Additional outworks prevented the city, through which the trade routes ran, from bypassing and thus avoiding the due customs or the local market. Outside the cities, waiting and signal towers were often built on suitable ridges and viewing points, which were occasionally fortified in a castle-like manner. Often the outer borders of the urban area of ​​influence were secured in whole or in part by expensive land hedges and land defenses . Mostly this is a moat was created and the Wall with an impenetrable thorns hedge , even Wall hedge or kink called planted. The passages were usually reinforced with gates or gatehouses. These border fortifications were regularly checked for damage by hegemen , who mostly also served as gatekeepers. The remains of such land hedges can often be followed for kilometers in the area, and some gate structures have also been preserved. Rich cities also secured their territory by building castles on which keepers were placed. A well-known example is the Romanian " Dracula Castle " Bran (Törzburg), which was supposed to protect today's Brașov (Kronstadt).

The city walls were often leg walls with the fortifications of hilltop castles connected, castle and city walls so formed a common defense system. Numerous examples have been preserved, for example in Germany Hirschhorn am Neckar , Königsberg in Bavaria , Pappenheim in Franconia , Burghausen in Upper Bavaria and many others. Some castles were also directly integrated into the urban defense concept ( Nuremberg , Zons , Carcassonne ) or the cities were presented to the castle complexes in the manner of large “ pre-castles ” ( Coucy-le-Chateau , Conwy, etc.). Many larger cities had several city lords at the same time, for example Augsburg was divided into an episcopal and an imperial city . Such sub-towns were often separated by their own fortifications.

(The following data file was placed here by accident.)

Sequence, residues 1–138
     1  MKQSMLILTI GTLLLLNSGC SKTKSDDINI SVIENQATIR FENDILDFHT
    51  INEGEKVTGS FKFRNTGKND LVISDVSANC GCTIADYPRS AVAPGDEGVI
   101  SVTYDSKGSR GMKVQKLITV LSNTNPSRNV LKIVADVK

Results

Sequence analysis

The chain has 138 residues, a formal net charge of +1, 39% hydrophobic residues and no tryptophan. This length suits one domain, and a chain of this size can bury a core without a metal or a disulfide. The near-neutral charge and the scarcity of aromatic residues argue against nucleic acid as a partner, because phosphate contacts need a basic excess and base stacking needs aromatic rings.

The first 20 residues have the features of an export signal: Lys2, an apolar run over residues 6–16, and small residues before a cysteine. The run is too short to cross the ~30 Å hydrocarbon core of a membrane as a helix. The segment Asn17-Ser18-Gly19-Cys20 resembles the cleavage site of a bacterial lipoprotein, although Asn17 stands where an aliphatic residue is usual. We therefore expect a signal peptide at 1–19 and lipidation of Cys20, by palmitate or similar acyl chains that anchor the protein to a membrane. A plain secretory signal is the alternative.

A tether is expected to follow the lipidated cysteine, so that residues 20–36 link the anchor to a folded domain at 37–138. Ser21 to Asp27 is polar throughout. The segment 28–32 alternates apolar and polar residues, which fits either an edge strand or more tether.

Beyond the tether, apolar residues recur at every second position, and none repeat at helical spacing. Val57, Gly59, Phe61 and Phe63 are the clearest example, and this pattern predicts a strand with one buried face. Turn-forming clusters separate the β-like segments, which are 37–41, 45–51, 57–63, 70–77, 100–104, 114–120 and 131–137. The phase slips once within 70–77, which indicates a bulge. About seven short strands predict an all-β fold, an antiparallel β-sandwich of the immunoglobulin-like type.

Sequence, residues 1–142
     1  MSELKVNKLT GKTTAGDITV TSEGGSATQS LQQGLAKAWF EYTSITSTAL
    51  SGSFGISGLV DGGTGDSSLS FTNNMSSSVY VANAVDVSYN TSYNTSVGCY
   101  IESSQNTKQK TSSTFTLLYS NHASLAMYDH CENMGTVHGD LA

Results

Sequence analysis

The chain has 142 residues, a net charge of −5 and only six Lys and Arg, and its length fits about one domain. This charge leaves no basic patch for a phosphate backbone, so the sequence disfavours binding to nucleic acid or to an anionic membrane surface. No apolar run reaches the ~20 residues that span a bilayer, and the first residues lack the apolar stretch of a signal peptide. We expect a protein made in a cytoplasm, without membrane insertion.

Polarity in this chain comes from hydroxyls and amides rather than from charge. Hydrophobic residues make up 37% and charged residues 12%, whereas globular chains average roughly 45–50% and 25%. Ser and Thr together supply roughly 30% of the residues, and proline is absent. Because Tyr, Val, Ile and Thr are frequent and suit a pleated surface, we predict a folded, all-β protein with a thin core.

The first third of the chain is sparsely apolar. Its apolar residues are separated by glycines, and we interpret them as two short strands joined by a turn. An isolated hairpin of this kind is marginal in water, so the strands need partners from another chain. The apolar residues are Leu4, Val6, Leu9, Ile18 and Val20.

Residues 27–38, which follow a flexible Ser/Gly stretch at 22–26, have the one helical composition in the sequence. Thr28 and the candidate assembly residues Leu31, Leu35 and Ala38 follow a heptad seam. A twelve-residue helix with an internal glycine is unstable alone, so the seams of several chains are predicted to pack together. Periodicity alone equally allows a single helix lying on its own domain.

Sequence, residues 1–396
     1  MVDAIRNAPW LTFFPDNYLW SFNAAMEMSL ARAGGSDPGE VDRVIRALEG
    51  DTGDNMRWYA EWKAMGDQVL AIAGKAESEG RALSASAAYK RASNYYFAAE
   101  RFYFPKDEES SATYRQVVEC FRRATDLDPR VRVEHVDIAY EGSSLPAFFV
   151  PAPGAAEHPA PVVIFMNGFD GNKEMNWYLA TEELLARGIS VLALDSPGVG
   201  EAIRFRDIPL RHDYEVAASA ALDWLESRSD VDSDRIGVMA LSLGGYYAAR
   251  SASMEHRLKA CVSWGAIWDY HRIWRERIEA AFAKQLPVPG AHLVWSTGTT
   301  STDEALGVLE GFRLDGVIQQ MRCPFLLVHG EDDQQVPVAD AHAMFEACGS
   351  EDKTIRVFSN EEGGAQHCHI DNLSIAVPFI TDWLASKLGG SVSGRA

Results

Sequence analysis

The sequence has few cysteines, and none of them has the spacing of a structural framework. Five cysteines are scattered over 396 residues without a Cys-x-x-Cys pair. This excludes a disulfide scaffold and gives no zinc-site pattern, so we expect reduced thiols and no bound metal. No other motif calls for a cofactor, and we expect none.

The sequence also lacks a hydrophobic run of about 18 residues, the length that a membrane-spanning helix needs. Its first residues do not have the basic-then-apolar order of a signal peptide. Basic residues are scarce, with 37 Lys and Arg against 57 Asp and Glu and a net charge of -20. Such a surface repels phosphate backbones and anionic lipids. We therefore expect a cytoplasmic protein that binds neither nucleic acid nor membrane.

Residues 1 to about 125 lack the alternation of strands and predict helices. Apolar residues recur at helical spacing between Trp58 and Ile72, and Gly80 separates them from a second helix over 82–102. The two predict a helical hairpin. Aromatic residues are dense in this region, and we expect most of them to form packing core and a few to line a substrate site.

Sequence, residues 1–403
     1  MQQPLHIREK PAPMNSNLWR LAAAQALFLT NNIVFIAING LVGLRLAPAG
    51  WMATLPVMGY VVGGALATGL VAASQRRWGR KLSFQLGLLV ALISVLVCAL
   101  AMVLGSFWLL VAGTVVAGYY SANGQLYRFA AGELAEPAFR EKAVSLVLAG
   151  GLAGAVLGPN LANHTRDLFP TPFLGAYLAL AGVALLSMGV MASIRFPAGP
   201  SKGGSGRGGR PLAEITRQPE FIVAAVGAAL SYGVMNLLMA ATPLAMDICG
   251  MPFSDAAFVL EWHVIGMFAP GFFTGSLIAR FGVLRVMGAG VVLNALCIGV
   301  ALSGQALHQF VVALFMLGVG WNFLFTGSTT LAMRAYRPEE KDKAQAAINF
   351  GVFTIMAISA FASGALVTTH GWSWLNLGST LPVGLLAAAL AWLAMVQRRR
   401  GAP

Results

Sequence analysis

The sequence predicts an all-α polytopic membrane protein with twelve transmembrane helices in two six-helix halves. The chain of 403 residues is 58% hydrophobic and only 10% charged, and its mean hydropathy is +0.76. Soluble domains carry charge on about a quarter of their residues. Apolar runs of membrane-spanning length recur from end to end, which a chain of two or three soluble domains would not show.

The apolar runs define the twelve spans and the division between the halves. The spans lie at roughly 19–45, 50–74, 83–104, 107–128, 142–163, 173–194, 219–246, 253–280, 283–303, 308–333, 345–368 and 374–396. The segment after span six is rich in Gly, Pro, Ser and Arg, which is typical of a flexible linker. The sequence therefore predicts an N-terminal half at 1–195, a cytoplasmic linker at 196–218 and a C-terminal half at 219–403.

The invention of firearms required a further expansion of the fortifications, which took place in several stages. First the Zwinger received semicircular towers (shell towers) in which a few cannons could be set up. Soon larger reinforcements, called bastions, were built in strategically important places such as the B. the gates or corners. A well-preserved example is the Spitalbastei in Rothenburg ob der Tauber .

The city as such was still protected by the relatively thin wall that could hardly withstand cannons with great firepower. Therefore, some cities received a new star-shaped fortification system with numerous cannons, which consisted of thick, masonry-clad earth walls and could withstand prolonged bombardment. These massive fortifications severely curtailed the growth of the cities, as they could not be moved as easily as a simple wall and for strategic reasons additional development "outside the city" was prohibited. As a result, the urban area became increasingly dense in the period that followed.

The End

The Vienna Ringstrasse was built after the city wall was razed

In Germany, city walls had already disappeared around 1800 in several cities, such as Berlin, Hanover, Munich and Mannheim. Other cities were forced to grind their city walls during and after the Napoleonic Wars, such as Düsseldorf, Ulm, Frankfurt am Main, Breslau and Regensburg . As the city grew and defenses moved to surrounding forts , most of the fortress walls were demolished during the 19th century. Like no other infrastructural innovation, railroad construction contributed to changing the cityscape. "If something made walls obsolete, it was the railroad".